Researchers at the Peter MacCallum Cancer Centre in Melbourne are pioneering the development of a new combination drug therapy to treat advanced blood cancers.
The new therapy builds on a world-first clinical trial already underway at Peter Mac, which uses the drug CX-5461 to treat patients with incurable blood cancers such as myeloma, lymphoma and leukaemia.
The new discovery, published in the journal Cancer Discovery, has shown promising results to date. The research team has found that CX-5461 could be even more effective when used in combination with another drug, Everolimus, already used to treat other cancers. The new combination has shown doubled survival times in pre-clinical laboratory models.
According to Professor Rick Pearson, Head of Peter Mac’s Cancer Signalling Laboratory, the research findings significantly enhance understanding of pre-emptive strategies to kill off cancer cells before they have the chance to become resistant to therapy.
“CX-5461 targets a particular process that is required for cancer cell survival. Our experiments show that adding Everolimus synergistically strengthens this attack, more rapidly and more effectively eradicating the killer disease.”
“We know that all cells rely on ribosomes (protein builders of the cell Ed.) which act like a factory producing the proteins essential for their growth and survival,” said Professor Pearson.
“Peter Mac researchers have previously shown that certain blood cancers are far more reliant on these proteins than normal cells and that eliminating the protein production capability of ribosomes leads to the rapid death of cancer cells while normal cells stay viable.”
“This novel therapy works to inhibit the ribosomes’ protein production capability, effectively starving the cancer cells of a key ingredient they need to survive and proliferate.”
“A further study in collaboration with scientists at Monash University shows striking effects in the targeting of late stage prostate cancer through a similar strategy indicating that this approach may be generally applicable for a range of cancer types.”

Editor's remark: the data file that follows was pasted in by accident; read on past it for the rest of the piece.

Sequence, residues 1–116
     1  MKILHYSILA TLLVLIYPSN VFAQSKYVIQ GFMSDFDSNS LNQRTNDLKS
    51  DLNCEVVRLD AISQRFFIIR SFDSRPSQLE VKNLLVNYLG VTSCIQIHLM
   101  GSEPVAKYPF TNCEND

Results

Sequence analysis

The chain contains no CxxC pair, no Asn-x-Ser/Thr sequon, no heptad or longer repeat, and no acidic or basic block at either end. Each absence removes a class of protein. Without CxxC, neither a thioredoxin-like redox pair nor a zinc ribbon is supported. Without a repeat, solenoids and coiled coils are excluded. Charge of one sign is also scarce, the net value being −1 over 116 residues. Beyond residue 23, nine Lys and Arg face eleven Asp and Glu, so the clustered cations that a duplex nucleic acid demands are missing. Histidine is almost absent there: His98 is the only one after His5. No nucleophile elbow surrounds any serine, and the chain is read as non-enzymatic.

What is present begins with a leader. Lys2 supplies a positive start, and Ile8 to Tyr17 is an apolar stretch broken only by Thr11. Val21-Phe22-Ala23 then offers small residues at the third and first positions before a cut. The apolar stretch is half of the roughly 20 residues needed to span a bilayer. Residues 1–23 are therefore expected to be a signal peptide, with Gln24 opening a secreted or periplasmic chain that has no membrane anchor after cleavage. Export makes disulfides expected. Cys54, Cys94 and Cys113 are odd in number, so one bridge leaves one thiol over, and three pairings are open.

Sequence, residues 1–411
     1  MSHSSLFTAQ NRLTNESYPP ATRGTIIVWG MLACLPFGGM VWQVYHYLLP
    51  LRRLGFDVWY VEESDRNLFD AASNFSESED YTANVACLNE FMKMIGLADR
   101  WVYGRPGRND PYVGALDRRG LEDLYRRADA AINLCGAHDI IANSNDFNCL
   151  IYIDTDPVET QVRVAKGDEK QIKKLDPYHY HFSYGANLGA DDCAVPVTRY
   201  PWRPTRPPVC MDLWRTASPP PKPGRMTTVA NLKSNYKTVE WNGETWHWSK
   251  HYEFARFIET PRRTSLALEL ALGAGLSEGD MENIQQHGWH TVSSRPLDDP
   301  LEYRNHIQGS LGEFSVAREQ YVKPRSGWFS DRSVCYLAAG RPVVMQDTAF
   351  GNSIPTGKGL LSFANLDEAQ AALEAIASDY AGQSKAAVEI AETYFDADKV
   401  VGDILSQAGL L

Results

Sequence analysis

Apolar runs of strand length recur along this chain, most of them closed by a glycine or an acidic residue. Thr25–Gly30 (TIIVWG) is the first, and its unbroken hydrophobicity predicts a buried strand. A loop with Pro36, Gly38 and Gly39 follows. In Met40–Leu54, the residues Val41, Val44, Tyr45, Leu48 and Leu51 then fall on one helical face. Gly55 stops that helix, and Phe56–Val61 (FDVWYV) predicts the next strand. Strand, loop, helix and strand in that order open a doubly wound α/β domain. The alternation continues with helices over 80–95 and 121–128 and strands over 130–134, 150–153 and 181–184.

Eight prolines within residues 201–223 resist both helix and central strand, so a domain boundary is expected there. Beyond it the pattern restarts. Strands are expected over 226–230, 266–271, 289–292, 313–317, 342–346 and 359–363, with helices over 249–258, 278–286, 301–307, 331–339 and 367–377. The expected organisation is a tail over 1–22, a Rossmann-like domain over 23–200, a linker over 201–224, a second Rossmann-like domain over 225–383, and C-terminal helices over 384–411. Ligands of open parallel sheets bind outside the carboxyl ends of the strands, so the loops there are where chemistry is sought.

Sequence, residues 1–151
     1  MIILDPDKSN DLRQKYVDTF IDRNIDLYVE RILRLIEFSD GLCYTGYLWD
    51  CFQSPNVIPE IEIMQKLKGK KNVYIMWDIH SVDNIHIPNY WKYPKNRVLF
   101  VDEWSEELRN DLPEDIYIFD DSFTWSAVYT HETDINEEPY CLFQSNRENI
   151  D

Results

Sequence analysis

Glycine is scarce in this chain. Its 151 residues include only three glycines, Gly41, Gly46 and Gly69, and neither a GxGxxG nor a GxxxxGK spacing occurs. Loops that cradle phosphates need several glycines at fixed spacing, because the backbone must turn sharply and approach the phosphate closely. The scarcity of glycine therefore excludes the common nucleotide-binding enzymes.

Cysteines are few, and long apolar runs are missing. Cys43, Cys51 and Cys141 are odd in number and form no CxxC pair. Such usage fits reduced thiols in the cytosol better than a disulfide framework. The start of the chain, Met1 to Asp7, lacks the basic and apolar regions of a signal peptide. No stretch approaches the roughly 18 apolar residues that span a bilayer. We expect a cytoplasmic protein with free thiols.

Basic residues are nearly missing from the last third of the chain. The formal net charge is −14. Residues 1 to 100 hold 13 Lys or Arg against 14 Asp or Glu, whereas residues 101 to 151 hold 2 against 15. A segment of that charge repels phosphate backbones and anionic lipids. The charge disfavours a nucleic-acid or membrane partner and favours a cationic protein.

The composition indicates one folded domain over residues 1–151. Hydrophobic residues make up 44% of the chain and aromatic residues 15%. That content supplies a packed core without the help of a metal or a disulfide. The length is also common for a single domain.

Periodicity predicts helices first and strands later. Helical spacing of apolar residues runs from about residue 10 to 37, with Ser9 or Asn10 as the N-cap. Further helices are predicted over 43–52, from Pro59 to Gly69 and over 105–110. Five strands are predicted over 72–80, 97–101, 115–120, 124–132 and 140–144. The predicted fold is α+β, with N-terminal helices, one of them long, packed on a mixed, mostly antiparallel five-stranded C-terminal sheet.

Associate Professor Simon Harrison, Consultant Haematologist at Peter Mac and Principal Investigator on the CX-5461 first-in-human trial, says this new research provides further confidence that researchers are on the right track.
“The prevalence and poor prognosis for people with advanced blood cancers demand the ongoing and intricate study of abnormal cell behaviour, which has been an indicator of cancer for over 100 years. To date, 15 patients have been treated on the first-in-human clinical study with a number of patients experiencing prolonged benefit.”
More than 12,000 Australians are diagnosed with blood cancer annually (approximately 10% of all cancers) and around 4,000 Australians will lose their lives to the disease each year.
This research is supported by the National Health and Medical Research Council; Cancer Council Victoria; the Leukemia Foundation; Prostate Cancer Foundation of Australia; Cancer Australia; Victorian Cancer Agency, Australian Cancer Research Foundation and Peter MacCallum Cancer Foundation. Collaborators include the John Curtin School of Medical Research at the Australian National University and Monash University.
The Australian Cancer Research Foundation has supported cancer research at Peter Mac by providing three major grants, totalling AUD 7 million.
The news was originally published on Peter Mac’s website.